I recently made a fundamental change in my whole photography mindset and switched from primarily using a zoom lens to using a fast prime lens. As I posted before, moving to a 35mm f/1.8 lens on my Nikon D7000 really did the trick of getting me better shallow depth of field; however, the move has resulted in some unexpected consequences which really had nothing to do with depth of field.
The change forced me to start thinking about cropping as a post-process. With the zoom lens, I rarely did any cropping of my photos since I framed my shots in camera. The problem I started to run into was that my D7000’s 16.2 megapixels had become too limiting in how much cropping I could do and still maintain a reasonable resolution.
Moreover, on a recent trip to New York City, I also found myself getting very frustrated with the D7000 autofocusing on the wrong things when I was taking a quick shot, particularly with people in it.
It didn’t take long to realize that I needed to upgrade. If I wanted to stick with the DX format, the natural successor to my D7000, the D7200 seemed to be a good choice and if I wanted to move up to a FX format full frame camera, the D750 seemed to be the one to get. The D750’s maximum image size is a massive 6,016 x 4,016 (the D7200 is about the same) compared to the D7000’s maximum of 4,928 x 3,264 which is a LOT more pixels! Size wise, the D750 is just a little larger than the D7200 and considerably smaller than the bulkier higher-end full frames like the D810 and D4S. Since this was a long-term purchase, I wasn’t too concerned about the difference in price between the two cameras.
Of course, to consider an FX format camera meant I also had to think about the lenses I owned. Fortunately, I was not too invested in DX lenses owning just an 18-200mm VR and the 35mm, so moving to a full frame camera, like the D750, was palatable. I also own a 50mm f/1.4, but since it’s an FX lens it would work great on either camera. (Yeah yeah, I know they are all F mounts, but no one recommends using a DX lens on an FX camera.)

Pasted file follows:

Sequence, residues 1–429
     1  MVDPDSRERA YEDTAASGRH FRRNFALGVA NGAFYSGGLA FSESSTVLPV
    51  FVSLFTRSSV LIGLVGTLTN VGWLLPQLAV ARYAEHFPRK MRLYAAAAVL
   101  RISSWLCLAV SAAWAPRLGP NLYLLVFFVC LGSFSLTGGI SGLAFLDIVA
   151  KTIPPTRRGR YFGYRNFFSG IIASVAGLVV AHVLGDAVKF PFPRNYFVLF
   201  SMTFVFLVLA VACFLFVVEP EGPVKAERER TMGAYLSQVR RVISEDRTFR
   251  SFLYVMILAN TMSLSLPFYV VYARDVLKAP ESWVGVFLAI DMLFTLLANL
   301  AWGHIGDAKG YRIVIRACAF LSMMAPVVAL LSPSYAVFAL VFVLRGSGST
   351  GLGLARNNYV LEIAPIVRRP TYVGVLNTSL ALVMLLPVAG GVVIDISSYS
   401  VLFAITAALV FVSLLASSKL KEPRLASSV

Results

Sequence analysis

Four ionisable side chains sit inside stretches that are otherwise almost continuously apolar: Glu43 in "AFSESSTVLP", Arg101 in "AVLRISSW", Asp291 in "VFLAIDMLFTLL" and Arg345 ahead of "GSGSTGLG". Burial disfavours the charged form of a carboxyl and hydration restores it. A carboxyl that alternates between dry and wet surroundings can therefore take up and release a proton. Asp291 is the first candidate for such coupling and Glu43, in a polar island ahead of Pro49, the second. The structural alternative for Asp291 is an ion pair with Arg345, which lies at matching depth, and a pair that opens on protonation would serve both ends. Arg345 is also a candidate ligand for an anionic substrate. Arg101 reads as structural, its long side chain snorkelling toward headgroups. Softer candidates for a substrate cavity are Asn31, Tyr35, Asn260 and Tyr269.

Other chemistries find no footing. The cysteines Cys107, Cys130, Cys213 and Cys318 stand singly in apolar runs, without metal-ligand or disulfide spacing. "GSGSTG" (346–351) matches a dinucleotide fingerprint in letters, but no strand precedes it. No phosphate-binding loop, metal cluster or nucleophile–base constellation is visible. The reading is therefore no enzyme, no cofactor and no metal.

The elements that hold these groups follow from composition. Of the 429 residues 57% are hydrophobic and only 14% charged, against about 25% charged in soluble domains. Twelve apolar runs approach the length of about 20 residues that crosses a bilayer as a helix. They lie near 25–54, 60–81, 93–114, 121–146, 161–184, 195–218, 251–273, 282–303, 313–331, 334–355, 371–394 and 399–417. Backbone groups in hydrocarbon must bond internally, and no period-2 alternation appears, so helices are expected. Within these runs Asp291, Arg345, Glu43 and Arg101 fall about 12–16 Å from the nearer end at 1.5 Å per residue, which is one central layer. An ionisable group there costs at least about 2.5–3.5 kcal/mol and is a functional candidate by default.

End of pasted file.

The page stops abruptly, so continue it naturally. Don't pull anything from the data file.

Since both cameras offer 24MP–though the D7000 does it with a cropped sensor–I still needed a tie breaker and the D750’s superior autofocus, particularly the face detection feature did just that. Obviously, the full frame D750 brings a whole lot more to the table which only served to tip the scale even further and cement my decision. (Of course, subconciously, I was probably just looking for a reasonable excuse to go with the D750 ;-)
The official D750 kit bundle came with a (yawn) 24-120mm lens, so initially I was thinking of just getting the body since I already had the 50mm; however, the D750 was on sale for $300 less and there was a bundle deal with an additional $250 off a 28-300mm VR lens which made the D750 even more appealing.
I’m really excited about getting a truly high-end camera and I’m looking forward to the built-in WiFi and, yes, the better shallow depth of field that a full frame camera offers. I know a lot of people kinda dismiss the D750’s articulated LCD screen, but I use the one on my Sony RX100II all the time and love it. I see no reason I won’t use it a lot on the D750 as well.
It sure will be nice to not to have to convert the DX lens focal length to FX anymore–something I never got used to–, but I might miss the longer effective reach of the DX format. The 28-300mm should suffice when needed and, at least on short end, 28mm will actually be wide angled! LOL.
Look for more posts on the D750 in the future and obviously some photos.